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Expert Circles

Mission and intent of the IAKS Expert Circles

IAKS members are professionals who represent all aspects of active living. Many members are associated with a specific area of expertise or interest in the broad range of sports and leisure facilities. These include ownership (public and private sector), operations, planning and design, construction, equipment, and specialized sports finishes. The focus of members ranges from community-scaled facilities and programs to professional multipurpose venues for internationals events and competitions.

IAKS has established the IAKS Expert Circles as an international forum for the discussion of specific issues, trends and expectations relative to the respective area of interest. The IAKS recognizes that while there is a shared vision of the purpose and expectations of sports and leisure facilities, this is often regional or national in its reach and often is not part of an international conversation. The ultimate intent of the IAKS Expert Circles is to provide a transfer of knowledge at planning, technical, and operating requirements for the specific area of interest.

Swimming Pool Expert Circle

2019 03 - pool expert circle - meeting in Malmo - group in front of Hylliebadet

Expert Circle "Swimming Pool" at 4th meeting in Sweden in March 2019
photo: IAKS

Leader: Dr Stefan Kannewischer (Kannewischer Management AG)

Founded: June 2017

Based on the exchange of knowledge throughout their meetings, the pool experts have compiled the “IAKS Future Trends for Pools”. The future trends outline important developments for professionals and non-professionals such as inclusivity, places for socialising, competing demands on public finances and digital transformation, and many more.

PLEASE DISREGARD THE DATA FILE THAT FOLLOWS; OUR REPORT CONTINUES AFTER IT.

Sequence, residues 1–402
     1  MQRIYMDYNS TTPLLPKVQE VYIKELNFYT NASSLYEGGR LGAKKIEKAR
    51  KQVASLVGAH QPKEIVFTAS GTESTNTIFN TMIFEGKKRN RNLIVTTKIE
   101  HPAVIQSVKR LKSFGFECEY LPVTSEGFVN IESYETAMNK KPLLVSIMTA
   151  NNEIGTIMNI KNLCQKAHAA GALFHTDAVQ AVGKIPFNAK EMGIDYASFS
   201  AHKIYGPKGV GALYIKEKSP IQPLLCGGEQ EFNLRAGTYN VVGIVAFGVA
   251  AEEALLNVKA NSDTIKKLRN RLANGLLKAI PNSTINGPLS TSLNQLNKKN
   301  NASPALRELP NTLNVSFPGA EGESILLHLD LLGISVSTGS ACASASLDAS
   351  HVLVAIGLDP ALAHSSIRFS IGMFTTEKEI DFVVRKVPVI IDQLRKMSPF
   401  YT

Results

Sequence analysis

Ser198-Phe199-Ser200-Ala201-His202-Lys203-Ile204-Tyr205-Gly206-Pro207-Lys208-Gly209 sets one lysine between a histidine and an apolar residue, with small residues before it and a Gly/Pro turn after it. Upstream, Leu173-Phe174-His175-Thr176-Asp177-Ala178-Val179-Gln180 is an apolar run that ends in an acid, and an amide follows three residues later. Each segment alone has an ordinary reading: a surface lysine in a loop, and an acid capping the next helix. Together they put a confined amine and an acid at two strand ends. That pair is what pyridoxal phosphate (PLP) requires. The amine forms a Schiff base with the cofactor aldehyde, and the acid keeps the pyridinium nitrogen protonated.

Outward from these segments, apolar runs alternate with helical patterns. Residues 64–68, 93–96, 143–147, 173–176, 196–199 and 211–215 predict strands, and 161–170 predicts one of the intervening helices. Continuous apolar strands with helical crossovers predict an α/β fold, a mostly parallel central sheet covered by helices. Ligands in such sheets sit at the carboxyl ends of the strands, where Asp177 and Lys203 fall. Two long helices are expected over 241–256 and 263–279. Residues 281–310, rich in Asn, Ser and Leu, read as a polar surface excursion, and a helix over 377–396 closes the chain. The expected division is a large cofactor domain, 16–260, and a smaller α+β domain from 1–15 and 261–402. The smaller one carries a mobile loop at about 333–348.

The experts meet once or twice a year to discuss country-specific aspects from technical issues to visitor behaviour. How are pool projects successfully implemented? How can targets be achieved across the entire pool lifecycle?

    Sports Hall Expert Circle

    Leader: Karin Schwarz-Viechtbauer (OEISS) and Harald Fux (Raumkunst)

    Founded: April 2019

    The Sports Hall Expert Circle is dedicated to discuss:

    • How much standardisation do sports halls need?
    • How suited at all is the standard sports hall to modern needs?
    • What risks and opportunities does standardisation offer?
    • The development of modern modules for usage patterns and spatial qualities as well as their implementation in decision-making processes and planning procedures is necessary.

    There is a clear need for adaptable, modularised and mobilised exercise spaces that are in the right balance with standard sports halls. Since there is a direct correspondence between the individual’s experience of exercise and the exercise space, attractive and modern models for exercise spaces and sports halls must be created, both in terms of sports function and design.

    Expert Circle Sports Halls_meeting on 20190426_Bernard Kössler Hamburger Sportbund 650.jpg

    Expert Circle "Sports Halls" at first meeting in Austria in April 2019
    photo: Hamburger Sportbund

    from left to right: Klaus Meinel, Karin Schwarz-Viechtbauer, Bernard Kössler, Flemming Overgaard, Roger Gut, Harald Fux, Jürgen Widler

     

    Ice Rinks Expert Circle

    2019 Expert Circle Ice Rinks_Inaugural meeting

    Leader: Mark Hentze (HDR Architects Inc.)
    Founded: November 2019

    The Ice Rinks Expert Circle gathers international experts who design, supply, install and operate ice facilities either permanent or temporary.

    The participants identified differences between North American and European approaches. The development of ice facilities in North American and especially Canada is a vital part of the sports and recreation experience. As part of strategy for programming and operational efficiency, there is a tendency to building double pads as a minimum with triple and quadruple pads gaining in popularity. In Europe however, there is very little development of community arenas driven by programmes. Instead, there is typically some level of spectator seating so the facilities tend to offer both sports programmes and ticketed sports events. There is a fundamental difference between European and North American approaches with Europeans using a direct refrigeration system, while North Americans use an indirect one.

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